Every dooring injury case is unique. So, responsibility depends on the facts of your case.

However, certain facts tend to suggest a car driver (or his or her passenger) was negligent in opening his or her door. These facts may include:

  • Opening their car door quickly;
  • Opening their car door without first looking in their blind spot and mirrors;
  • Failing to remind passengers to open doors slowly;
  • Talking on the cell phone while opening the car door; and,
  • Distracted while opening the door, such as texting while opening the car door.

Each dooring case must be examined carefully on its own merits. Simply put, just because there was a dooring accident does not mean the driver is automatically responsible.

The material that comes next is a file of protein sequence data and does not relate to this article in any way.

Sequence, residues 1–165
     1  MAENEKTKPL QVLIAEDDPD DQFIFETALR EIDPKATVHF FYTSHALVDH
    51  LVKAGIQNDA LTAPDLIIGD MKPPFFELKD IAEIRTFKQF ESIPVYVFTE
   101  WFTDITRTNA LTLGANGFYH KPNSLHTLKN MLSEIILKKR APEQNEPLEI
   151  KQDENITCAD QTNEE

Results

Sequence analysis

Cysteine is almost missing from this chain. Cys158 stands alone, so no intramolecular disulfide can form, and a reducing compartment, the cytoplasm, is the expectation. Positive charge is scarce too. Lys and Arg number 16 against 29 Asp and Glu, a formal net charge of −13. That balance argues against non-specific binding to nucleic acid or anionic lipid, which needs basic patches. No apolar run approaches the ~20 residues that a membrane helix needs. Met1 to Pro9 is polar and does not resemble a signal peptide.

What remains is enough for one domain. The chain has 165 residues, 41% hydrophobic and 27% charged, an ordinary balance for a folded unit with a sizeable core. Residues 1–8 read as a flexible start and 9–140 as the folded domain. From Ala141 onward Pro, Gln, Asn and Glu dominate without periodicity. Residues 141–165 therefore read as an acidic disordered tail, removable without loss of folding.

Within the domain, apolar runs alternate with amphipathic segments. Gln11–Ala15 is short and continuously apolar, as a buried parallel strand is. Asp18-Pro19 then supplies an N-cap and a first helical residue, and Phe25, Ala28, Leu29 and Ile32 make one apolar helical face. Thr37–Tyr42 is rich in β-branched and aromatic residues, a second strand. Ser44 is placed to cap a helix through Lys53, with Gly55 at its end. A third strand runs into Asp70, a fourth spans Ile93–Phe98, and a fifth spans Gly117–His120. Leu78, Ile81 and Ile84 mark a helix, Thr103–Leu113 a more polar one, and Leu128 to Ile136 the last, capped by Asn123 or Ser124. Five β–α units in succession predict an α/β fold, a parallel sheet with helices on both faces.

Are there any laws concerning drivers opening their car doors?


Under Florida Statute Section 316.2005, a driver can open his or her door only until it is “reasonably safe to do so and can be done without interfering with the movement of other traffic….”

If a driver violates this statute, the police officer may issue a citation.

If you are injured in a dooring accident and the driver receives a citation, the citation will most likely not be admissible in your civil case.

However, citations are often helpful in settlement negotiations with insurance companies. In my experience, insurance adjusters will often rely on citations in determining who was negligent. So if the police officer issues a citation to the driver, it may help your case.

How often do dooring injuries happen?

Dooring injuries happen more often than you would think.

There have been several studies on the frequency of dooring accidents.